Buckman Tavern, Lexington

The Buckman Tavern in Lexington, Mass., between 1890 and 1901.  Image courtesy of the Library of Congress, Detroit Publishing Company Collection.

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Between 1910 and 1920.  Image courtesy of the Library of Congress, Detroit Publishing Company Collection.

Lexington

In 2013:

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Built about 1690, Buckman’s Tavern was the gathering place for many of the militiamen on the morning of the Battle of Lexington, on April 19, 1775. Not much has changed in the appearance of the building since then, let alone since the above photos were taken. However, the air conditioning unit in one of the first floor windows is not an original period item.

Cape Neddick, York, Maine

The view of Cape Neddick from Long Sands Beach in York, Maine, between 1890 and 1910. Image courtesy of the Library of Congress, Detroit Publishing Company Collection.

York

The same view in 2011:

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In the past 100 years, Cape Neddick went from being almost deserted, to being covered with vacation homes.  The only readily-identifiable structure in both photos is the Cape Neddick “Nubble” Lighthouse, located at the end of the peninsula on a small, rocky island known as the Nubble.  However, with close examination, at least one of the cottages from the old photograph still exists – the one with the tower in the center of the roof on the far-left side of the photo.

Union Oyster House, Boston

Union Oyster House in Boston, sometime in the 19th century. Photo courtesy of Boston Public Library:

Restaurants

The historic building around 1898. Photo courtesy of Boston Public Library:

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In 1930, courtesy of Boston Public Library:

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Sometime between 1934 and 1956. Photo courtesy of Boston Public Library, Leslie Jones Collection.

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The Union Oyster House in 2010:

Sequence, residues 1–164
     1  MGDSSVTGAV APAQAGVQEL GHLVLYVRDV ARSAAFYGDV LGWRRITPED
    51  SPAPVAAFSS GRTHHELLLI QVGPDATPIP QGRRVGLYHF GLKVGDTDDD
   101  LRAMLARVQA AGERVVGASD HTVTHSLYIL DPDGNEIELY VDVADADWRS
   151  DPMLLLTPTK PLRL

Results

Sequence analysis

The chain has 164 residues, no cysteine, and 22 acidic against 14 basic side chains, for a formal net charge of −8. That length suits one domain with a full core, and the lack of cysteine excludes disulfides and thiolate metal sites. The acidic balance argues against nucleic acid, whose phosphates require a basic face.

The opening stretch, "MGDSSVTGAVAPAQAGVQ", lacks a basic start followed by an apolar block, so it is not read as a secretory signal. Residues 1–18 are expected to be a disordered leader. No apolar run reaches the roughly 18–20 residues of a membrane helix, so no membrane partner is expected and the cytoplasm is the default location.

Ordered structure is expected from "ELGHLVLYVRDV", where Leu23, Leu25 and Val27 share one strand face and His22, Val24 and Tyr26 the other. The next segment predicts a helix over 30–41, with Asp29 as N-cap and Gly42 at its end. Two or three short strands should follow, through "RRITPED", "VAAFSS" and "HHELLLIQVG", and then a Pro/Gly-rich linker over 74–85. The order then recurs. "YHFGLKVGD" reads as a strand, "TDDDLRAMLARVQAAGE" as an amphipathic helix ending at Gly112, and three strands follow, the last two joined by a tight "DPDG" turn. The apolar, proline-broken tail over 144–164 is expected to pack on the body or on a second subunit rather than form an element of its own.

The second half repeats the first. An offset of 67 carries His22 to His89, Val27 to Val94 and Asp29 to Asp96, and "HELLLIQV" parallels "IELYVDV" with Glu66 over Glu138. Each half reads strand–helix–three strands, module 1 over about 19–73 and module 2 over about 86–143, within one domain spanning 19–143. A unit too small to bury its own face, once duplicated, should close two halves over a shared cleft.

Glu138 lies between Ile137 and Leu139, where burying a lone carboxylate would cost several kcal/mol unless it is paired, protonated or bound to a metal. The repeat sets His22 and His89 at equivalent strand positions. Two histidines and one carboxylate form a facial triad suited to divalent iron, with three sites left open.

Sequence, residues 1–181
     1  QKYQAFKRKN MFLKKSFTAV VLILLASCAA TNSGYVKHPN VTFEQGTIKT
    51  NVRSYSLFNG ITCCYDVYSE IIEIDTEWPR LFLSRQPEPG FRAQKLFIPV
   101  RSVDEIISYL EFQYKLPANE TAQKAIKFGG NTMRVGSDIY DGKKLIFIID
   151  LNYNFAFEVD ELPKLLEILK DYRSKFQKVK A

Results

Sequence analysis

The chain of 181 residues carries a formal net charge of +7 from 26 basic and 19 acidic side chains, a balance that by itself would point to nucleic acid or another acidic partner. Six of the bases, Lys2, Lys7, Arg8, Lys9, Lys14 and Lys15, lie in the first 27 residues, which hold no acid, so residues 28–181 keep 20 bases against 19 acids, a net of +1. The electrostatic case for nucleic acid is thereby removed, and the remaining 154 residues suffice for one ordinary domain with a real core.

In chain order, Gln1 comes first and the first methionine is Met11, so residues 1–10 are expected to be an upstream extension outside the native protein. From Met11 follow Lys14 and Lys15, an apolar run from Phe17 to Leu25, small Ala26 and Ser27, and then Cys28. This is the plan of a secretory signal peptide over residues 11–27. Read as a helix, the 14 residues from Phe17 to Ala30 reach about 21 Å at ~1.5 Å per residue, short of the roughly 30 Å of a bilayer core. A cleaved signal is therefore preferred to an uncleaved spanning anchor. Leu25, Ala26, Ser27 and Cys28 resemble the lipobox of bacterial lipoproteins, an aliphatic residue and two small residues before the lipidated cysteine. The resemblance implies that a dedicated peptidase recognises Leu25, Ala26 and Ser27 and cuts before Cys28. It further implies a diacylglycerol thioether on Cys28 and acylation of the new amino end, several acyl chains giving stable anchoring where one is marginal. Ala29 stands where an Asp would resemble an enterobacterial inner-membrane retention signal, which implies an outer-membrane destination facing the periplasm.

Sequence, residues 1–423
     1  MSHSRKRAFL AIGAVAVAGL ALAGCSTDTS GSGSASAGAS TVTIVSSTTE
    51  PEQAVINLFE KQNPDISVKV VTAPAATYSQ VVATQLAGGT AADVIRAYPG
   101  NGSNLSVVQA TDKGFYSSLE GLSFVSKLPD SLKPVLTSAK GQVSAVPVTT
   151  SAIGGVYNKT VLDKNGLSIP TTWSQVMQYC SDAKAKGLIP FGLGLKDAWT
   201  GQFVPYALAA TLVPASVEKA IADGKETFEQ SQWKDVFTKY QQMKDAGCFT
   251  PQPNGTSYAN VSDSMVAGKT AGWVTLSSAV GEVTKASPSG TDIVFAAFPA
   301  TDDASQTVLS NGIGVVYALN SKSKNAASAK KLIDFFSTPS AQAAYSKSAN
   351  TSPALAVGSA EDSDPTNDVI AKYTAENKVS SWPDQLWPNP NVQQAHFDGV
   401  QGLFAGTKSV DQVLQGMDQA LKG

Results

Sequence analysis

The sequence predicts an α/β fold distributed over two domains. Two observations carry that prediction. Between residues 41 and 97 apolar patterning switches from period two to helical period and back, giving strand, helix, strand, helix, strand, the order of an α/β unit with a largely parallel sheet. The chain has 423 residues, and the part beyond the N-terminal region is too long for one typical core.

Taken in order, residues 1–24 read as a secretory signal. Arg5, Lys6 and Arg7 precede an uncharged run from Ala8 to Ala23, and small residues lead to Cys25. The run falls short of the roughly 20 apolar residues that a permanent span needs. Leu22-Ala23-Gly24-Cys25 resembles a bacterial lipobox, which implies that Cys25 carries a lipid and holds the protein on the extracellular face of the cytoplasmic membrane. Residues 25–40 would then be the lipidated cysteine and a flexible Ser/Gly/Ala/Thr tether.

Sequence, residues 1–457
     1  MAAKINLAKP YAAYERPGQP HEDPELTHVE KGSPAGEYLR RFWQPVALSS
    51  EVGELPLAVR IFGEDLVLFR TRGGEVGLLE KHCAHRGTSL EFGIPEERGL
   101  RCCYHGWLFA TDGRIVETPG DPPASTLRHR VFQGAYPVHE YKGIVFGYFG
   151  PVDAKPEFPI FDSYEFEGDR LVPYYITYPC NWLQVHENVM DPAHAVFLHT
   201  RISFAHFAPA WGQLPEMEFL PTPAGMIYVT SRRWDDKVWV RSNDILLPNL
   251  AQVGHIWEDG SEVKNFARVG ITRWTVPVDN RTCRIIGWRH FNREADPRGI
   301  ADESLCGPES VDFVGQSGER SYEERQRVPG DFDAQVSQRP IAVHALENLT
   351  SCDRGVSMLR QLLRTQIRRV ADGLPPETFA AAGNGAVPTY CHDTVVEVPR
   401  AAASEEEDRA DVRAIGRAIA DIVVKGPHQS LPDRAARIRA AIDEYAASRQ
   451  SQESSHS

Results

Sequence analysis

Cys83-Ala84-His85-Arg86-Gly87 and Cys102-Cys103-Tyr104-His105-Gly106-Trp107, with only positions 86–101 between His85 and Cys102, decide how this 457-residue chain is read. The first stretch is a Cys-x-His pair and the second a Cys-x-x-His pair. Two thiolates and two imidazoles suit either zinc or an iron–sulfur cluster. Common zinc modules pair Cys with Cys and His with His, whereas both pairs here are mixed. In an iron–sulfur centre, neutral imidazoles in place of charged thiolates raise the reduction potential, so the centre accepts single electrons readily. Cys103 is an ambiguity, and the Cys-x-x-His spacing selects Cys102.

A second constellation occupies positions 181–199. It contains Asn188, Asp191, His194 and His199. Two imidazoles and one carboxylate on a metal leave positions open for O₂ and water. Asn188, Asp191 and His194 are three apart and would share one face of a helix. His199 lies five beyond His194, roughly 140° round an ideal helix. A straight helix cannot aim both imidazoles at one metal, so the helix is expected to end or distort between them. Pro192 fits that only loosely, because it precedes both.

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The above four photos show over 100 years of the history of the oldest restaurant in the United States, the Union Oyster House in Boston.  Although the restaurant opened in 1826, the building itself is far older, having been built around 1704.  The second floor was once used as the publishing office of the Massachusetts Spy in the 1770’s, and in 1796 the future King Louis Philippe of France lived in exile, also on the second floor.  Since becoming a restaurant, the Union Oyster House (originally Atwood & Bacon Oyster House, as seen in the 1898 photo) has served many notable patrons, including Daniel Webster, John F. Kennedy, and other members of the Kennedy family.

New Old South Church, Boston

New Old South Church at Copley Square, between 1890 and 1899. Photo courtesy of the Library of Congress, Detroit Publishing Company Collection.

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The same view in 2010:

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For the most part, this view hasn’t changed.  The Boston Public Library on the left is still there, as is the brick building behind the church.  The only real difference is the tower, which had to be taken down in 1931.  Like the rest of the Back Bay, the church sits on filled-in marshland, so the weight was supported by wooden piles that were driven into the soil.  However, the tower was too heavy for the piles, and as the ground settled it began to lean about three feet.  It was rebuilt in 1940 on stronger steel piles, and the new tower has stood substantially longer than the original one did.

Faneuil Hall, Boston

Faneuil Hall in Boston, as it appeared between 1890 and 1899. Image courtesy of the Library of Congress, Detroit Publishing Company Collection.

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The building in 2011:

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The building was completed in 1742 as a meeting hall and marketplace, and was largely reconstructed following a fire in 1762 that gutted the building.  It is well known as having been a place where patriots such as Samuel Adams and James Otis gave speeches concerning independence in the years leading up to the American Revolution.

Tip Top House, Mt. Washington

The Tip-Top House on Mount Washington in New Hampshire, sometime in the early 1860s. Image courtesy of the New York Public Library.

1860s

The building between 1890 and 1901. Image courtesy of the Library of Congress, Detroit Publishing Company Collection.

White Mountains

The same view in August, 2013:

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Originally built as a hotel in 1853, it is the oldest surviving building at the summit of Mt. Washington, and is located just below the summit, which is just to the right of the building and outside of the picture.  After many years of being abandoned, it was restored in 1987 to its original appearance and now serves as a museum – the steeply pitched roof was not added until the 1860s, which provides a date for the first photo.